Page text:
Republican congressional candidate Bill Olson continued to put campaign finance distance between himself and a bevy of other Republicans seeking a shot at Democratic Rep. Darren Soto in Florida’s 9th Congressional District.
In the first quarter of 2020 Olson, a retired Army veteran and former guest relations worker at Walt Disney World, raised $45,070 for a run in Florida’s 9th Congressional District, which covers Osceola County, southern Orange County, and eastern Polk County. It was the second consecutive quarter that Olson collected at least $25,000.
That might be a pittance in many congressional campaigns, and an amount that significantly trails Soto’s fundraising efforts, but it amounts to the only serious campaign fundraising effort among four Republican candidates. It also suggests momentum, as the only Republican candidate to have raised even $10,000.
Olson, of Davenport, is also the only Republican retaining professional campaign consultants, having brought in Go Right Strategies of Land O Lakes, LGM Consulting of Delaware, and Liz Curtis & Associates of New Jersey in recent months.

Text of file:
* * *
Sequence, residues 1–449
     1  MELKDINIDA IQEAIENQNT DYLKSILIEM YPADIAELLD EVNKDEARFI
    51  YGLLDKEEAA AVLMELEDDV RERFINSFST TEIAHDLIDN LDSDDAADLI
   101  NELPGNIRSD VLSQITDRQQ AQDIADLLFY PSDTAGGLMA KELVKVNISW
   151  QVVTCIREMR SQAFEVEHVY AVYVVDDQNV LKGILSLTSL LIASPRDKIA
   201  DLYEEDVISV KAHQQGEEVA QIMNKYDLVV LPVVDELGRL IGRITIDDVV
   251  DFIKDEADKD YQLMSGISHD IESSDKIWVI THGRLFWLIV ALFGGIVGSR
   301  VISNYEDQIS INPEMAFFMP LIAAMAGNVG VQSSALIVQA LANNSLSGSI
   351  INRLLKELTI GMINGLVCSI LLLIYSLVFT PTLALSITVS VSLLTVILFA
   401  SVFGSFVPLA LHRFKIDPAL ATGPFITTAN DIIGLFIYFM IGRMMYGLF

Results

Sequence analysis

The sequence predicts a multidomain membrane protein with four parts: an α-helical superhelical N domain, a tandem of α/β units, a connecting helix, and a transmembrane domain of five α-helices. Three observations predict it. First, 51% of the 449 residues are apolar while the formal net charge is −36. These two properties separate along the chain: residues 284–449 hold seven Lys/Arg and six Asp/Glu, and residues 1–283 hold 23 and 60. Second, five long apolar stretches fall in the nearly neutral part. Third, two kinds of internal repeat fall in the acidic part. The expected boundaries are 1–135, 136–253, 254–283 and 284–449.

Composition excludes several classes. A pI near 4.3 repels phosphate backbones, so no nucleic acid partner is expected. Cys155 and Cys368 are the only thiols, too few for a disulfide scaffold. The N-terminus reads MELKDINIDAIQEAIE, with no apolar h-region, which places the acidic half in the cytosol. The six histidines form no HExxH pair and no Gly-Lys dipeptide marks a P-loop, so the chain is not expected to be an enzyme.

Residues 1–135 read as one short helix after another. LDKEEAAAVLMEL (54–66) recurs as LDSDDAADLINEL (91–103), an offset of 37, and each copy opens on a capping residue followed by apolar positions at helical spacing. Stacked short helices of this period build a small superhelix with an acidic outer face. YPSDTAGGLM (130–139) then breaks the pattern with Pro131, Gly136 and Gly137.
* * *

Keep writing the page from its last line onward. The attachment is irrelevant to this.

Olson entered April having raised a total of $86,587, though he has spent $79,743 of that, mostly on the political consultants now driving his campaign. With a personal loan, he entered April with $15,713.
Among other Republicans, Jose Castillo of Kissimmee raised $2,456 in the first quarter, and entered April with $1,578 in the bank. Christopher Wright of Orlando, picked up $4,385 in the quarter, and reported having $2,711 in the bank. Sergio Ortiz of Kissimmee, who’s been running for nearly a year, has yet to report any campaign finance activity.
Meanwhile, Soto posted another modest quarter for an incumbent, though he remains far ahead of Olson in campaign cash.
Soto collected $94,680 during the quarter, with $50,000 of that coming from political action committees and the rest from individual contributions. He’s now raised $592,974 during this election cycle and entered April with $331,883 in the bank.
Soto’s most recent haul included contributions of at least $1,000 from 28 PACs, including contributions from three Native American tribes that operate casinos in other states. Other contributions came from PACs representing a wide range of interests including labor unions, banks, utilities and agriculture.